22 Review Nondrug interventions for treatment of hypertension. 2011

Woolf, Kevin J / Bisognano, John D. ·Division of Cardiology, University of Rochester Medical Center, Rochester, NY, USA. ·J Clin Hypertens (Greenwich) · Pubmed #22051428.

ABSTRACT: The treatment of hypertension is no longer limited to the simple prescription of pharmaceuticals. For many patients, maximal medical therapy is insufficient to adequately treat refractory hypertension. In addition, some patients may prefer to explore therapies that do not involve drugs as an initial step. Utilizing our broadening understanding of the physiology of hypertension, new technology and interventions have been developed that allow for treatments that do not rely on medications. In addition, dietary supplements and modification, as well as herbal supplements, may be useful under the right circumstances. Lifestyle modification remains a necessary part of treatment for all patients with hypertension. This article will review the evidence behind some available nondrug interventions for the treatment of hypertension.

23 Review Catheter-based renal sympathetic denervation: a targeted approach to resistant hypertension. 2011

Gewirtz, Janna R / Bisognano, John D. ·Department of Internal Medicine, University of Rochester Medical Center,Cardiology Division, Rochester, NY, USA. ·Cardiol J · Pubmed #21305496.

ABSTRACT: -- No abstract --

24 Review Allergic respiratory disease as a potential co-morbidity for hypertension. 2010

Aung, Tania / Bisognano, John D / Morgan, Mary Anne. ·Department of Internal Medicine, University of Rochester Medical Center, Rochester, New York, USA. ·Cardiol J · Pubmed #20865673.

ABSTRACT: This article examines the relationships between allergic rhinitis and hypertension, chronic sinusitis and hypertension, and asthma and hypertension. Previous studies have demonstrated that men reporting seasonal or chronic rhinitis had on average a 3.5 mm Hg higher systolic blood pressure than those without allergic rhinitis. Proposed mechanisms to the relationship between allergic rhinitis and sinusitis with hypertension may lie in the pathway of obstructive sleep apnea via neurohumoral responses to hypoxemia. Asthmatics were 1.4 times more likely to have heart disease, and 1.3 times more likely to have high blood pressure, than non-asthmatics. The commonality of immunological dysfunction and inflammation between diseases of allergy and those mediated by hypertension and other vascular disorders may explain the correlations observed. Interestingly, obese individuals have higher levels of circulating IL-6, leptin and TNF-alpha skewing the immune system toward the allergen-reactive type 2 helper T-cell. This would mean that obese individuals were predisposed to diseases of chronic inflammation. The implications of allergic rhinitis, chronic sinusitis, and asthma deserve closer attention, especially into the possibility of co-morbidity for hypertension. Although associations between allergic diseases and hypertension have been reported, more studies need to be performed to elucidate the mechanisms behind such associations.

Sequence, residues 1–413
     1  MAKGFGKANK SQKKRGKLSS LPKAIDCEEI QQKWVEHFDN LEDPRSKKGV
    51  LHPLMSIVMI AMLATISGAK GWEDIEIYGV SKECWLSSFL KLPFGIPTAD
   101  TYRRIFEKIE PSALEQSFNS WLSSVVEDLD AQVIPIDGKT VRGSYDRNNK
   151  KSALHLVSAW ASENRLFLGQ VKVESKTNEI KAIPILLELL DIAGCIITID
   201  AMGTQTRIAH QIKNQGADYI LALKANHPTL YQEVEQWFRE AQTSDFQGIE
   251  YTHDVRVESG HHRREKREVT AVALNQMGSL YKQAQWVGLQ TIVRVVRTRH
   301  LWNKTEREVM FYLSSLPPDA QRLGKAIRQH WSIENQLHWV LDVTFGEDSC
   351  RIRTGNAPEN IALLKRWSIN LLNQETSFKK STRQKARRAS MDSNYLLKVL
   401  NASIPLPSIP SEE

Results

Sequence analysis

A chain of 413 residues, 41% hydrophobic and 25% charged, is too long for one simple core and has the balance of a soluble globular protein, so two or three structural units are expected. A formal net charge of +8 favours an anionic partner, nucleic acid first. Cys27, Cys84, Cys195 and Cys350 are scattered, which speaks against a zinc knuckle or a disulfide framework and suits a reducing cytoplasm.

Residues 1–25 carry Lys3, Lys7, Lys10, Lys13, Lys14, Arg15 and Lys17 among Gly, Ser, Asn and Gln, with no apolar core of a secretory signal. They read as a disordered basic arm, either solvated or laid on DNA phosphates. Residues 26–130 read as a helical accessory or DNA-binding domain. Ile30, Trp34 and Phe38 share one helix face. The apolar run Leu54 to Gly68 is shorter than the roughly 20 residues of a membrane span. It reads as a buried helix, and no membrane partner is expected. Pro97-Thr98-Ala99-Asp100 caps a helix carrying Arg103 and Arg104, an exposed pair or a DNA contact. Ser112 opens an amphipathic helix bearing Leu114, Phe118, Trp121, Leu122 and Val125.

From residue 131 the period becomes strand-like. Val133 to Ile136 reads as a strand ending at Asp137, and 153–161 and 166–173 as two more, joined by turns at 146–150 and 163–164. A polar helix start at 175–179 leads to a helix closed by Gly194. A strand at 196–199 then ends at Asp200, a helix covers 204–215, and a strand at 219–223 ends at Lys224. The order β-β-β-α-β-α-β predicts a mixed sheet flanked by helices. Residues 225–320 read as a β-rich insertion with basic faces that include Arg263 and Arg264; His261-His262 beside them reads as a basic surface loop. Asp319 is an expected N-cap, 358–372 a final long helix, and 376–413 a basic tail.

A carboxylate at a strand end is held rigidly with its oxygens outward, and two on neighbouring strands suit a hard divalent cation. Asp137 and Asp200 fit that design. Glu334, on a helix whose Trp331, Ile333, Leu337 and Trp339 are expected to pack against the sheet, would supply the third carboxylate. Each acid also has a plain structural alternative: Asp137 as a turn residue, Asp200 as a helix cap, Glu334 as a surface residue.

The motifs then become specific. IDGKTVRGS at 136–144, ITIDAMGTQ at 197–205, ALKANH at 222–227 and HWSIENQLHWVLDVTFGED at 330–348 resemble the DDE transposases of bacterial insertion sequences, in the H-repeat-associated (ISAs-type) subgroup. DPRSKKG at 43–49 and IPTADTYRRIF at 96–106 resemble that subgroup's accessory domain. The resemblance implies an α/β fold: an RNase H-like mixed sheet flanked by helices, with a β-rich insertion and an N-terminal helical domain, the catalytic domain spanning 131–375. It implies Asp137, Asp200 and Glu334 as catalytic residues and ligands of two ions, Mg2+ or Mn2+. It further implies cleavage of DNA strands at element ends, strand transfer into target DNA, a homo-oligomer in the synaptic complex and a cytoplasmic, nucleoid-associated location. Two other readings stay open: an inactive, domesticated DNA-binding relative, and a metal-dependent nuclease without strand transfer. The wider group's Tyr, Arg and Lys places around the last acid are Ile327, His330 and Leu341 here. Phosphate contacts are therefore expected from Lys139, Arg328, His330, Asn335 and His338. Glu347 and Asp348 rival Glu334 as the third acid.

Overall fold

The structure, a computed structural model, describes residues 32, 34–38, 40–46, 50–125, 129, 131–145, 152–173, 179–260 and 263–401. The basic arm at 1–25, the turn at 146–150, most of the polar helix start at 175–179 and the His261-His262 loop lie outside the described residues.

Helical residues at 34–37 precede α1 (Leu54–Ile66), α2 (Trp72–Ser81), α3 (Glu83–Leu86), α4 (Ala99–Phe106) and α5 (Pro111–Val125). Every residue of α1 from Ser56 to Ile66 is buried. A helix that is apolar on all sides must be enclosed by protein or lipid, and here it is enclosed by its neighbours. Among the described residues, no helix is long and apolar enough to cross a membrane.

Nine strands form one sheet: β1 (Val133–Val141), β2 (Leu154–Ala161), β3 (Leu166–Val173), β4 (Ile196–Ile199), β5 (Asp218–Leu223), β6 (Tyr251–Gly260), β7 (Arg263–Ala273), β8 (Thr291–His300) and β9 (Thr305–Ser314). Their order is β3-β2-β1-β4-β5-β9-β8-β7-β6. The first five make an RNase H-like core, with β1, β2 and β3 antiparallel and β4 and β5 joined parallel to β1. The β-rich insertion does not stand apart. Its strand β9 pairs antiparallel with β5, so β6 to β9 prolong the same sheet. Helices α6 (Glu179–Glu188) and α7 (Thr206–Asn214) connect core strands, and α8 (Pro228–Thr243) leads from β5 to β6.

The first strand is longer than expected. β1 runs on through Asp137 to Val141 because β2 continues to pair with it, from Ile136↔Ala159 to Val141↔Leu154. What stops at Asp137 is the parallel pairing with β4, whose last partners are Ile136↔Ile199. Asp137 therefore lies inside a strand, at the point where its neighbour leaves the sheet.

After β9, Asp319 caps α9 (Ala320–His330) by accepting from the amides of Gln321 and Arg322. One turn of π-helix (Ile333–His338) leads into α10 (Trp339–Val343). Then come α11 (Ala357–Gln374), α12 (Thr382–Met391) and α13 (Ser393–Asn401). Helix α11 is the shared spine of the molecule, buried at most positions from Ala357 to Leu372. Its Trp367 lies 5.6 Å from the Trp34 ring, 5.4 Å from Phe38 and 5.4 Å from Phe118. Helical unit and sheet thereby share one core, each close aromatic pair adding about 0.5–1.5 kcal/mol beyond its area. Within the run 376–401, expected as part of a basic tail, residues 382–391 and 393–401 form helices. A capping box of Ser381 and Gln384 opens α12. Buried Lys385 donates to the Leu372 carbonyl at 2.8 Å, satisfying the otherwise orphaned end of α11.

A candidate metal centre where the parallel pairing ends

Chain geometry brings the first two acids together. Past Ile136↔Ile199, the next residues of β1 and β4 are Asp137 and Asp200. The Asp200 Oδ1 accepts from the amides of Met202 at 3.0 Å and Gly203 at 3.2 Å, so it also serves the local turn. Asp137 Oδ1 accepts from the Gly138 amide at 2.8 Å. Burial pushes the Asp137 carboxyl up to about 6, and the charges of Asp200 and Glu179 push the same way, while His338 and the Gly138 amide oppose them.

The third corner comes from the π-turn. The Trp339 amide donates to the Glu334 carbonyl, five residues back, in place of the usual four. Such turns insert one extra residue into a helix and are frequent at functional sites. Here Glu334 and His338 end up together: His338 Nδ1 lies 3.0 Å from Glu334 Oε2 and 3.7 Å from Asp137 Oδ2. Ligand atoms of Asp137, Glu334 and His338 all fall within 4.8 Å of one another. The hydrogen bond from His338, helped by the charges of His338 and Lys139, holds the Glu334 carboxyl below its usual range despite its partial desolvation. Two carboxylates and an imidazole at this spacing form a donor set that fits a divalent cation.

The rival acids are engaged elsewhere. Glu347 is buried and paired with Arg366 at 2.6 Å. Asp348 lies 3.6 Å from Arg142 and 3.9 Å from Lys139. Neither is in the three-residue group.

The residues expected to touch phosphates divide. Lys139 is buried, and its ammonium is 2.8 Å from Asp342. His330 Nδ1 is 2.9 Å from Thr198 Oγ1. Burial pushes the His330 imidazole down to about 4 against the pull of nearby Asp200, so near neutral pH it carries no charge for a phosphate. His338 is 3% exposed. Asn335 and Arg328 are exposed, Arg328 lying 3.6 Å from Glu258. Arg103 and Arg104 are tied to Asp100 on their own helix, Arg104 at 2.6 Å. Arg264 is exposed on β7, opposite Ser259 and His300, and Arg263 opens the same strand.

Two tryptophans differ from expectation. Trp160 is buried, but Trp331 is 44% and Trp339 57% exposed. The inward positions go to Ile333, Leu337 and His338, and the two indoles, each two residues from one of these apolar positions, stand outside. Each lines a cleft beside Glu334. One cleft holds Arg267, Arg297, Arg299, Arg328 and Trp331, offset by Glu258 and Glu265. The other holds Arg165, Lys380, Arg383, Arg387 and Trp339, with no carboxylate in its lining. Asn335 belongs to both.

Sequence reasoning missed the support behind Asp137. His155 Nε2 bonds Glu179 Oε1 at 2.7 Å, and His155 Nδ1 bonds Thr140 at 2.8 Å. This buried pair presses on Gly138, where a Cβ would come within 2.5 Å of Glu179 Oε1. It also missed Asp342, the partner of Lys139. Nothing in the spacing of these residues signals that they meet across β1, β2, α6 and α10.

25 Review Baroreflex stimulation in antihypertensive treatment. 2010

Taylor, Jeremy G / Bisognano, John D. ·Department of Internal Medicine, Nephrology Division, University of Rochester, 601 Elmwood Avenue, Box 679-7, Rochester, NY 14642-8679, USA. ·Curr Hypertens Rep · Pubmed #20424952.

ABSTRACT: Hypertension is a leading cause of morbidity and mortality worldwide. Despite the development of new medications, an alarmingly high proportion of patients are not reaching their target blood pressure goals, so nonpharmacologic therapies have been attracting more interest. Chronic baroreceptor stimulation of the carotid sinus has been shown to reduce blood pressure by inhibiting the sympathetic nervous system, particularly the renal sympathetic tone. This finding has led to the development of implantable carotid sinus stimulators, which have now been studied in both animals and humans, as a means for treating chronic hypertension. The enthusiasm for this modality has led to ongoing studies, which will provide more information on its safety and efficacy in patients with resistant hypertension. The early study results using baroreflex stimulation therapy are promising and suggest that it may play a significant role in controlling blood pressure in the future.

Next